Over the past several decades, many researchers have emphasized the prediction of the early-stage strength gain of concrete. Such a prediction is of special importance for cold-weather and hot-weather concreting and for massive concrete members. In spite of extensive research done over the past decades, there are still several problems in quantitatively predicting the strength development at both early and later ages.
In this experimental and analytic research for strength prediction of early-age strength, the strength development for various curing histories was investigated with a particular regard to the influences of curing time points with given temperatures. For this purpose, four different points of curing time were considered with an individual interval of 24 hours. Two different temperatures of 5℃ and 40℃ were applied for the selective intervals while the rest period days were under the reference curing condition of 20℃.
A new model for the strength prediction was suggested based on the rate constant model. In this model, the equivalent ages introduced in the Saul and Arrhenius models were modified in order to show the effects of curing temperature at different ages. Test results show that the concrete subjected to a high temperature at an early-age attains higher early-age strength but eventually attains lower later-age strength. The concrete subjected to a low temperature at early age leads to lower early-age strength but almost the same later-age strength. Moreover, the proposed model showed better agreement with the test results than the existing models.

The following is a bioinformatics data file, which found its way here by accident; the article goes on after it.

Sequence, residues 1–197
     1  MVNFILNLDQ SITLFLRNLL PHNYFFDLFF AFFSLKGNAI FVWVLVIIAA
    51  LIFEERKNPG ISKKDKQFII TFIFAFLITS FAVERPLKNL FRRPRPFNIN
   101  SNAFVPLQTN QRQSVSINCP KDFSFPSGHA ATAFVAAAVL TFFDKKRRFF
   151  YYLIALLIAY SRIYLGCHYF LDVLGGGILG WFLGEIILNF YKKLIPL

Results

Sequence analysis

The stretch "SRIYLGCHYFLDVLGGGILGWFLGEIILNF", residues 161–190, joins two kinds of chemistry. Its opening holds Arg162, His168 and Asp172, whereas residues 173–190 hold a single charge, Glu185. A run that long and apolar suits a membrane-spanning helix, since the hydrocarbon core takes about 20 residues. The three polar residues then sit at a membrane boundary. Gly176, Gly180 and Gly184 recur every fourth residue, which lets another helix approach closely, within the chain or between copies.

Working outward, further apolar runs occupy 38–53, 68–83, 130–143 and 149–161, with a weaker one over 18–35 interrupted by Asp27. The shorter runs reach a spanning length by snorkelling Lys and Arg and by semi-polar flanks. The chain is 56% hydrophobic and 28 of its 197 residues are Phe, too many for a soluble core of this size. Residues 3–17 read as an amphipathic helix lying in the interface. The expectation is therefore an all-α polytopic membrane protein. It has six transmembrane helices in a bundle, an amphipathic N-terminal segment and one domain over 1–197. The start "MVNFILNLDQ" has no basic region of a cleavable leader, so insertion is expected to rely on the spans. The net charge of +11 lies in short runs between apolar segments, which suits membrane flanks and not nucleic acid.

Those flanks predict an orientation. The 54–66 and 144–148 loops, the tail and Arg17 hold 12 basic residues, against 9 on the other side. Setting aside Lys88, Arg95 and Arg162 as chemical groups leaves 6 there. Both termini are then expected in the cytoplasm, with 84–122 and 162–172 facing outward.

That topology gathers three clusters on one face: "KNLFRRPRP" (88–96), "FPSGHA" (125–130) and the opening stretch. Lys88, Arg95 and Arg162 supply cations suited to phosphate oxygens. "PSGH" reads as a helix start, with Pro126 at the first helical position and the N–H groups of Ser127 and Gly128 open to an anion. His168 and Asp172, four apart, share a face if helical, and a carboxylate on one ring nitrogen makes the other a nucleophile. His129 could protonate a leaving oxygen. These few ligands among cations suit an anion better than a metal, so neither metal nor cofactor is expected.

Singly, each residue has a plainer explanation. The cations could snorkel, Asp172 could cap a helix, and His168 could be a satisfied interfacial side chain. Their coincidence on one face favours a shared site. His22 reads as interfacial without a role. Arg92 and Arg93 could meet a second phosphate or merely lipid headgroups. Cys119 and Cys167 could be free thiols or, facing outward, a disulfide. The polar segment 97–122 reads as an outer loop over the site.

A strength prediction model to improve the later-age strength with curing temperatures was proposed. In order to verify the proposed model, the existing data which had been reported was used. The effects of diffusion barrier with curing temperature during hydration on later-age strength were considered using rate constant model. The verification of the model was performed by regression analysis, in which the existing data were converted to the relative ratio of 28-day strength with 8 average curing temperatures in a range of -0.6~59.7℃. It was found that the temperature influence factors, such as rate constant, limit strength and reaction exponent were expressed in function of curing temperature. The results of regression analysis showed that the proposed model was higher in reliability than the previous model. Especially, the proposed model had the higher accuracy at later-age meanwhile it made no significant difference from previous model at young-age.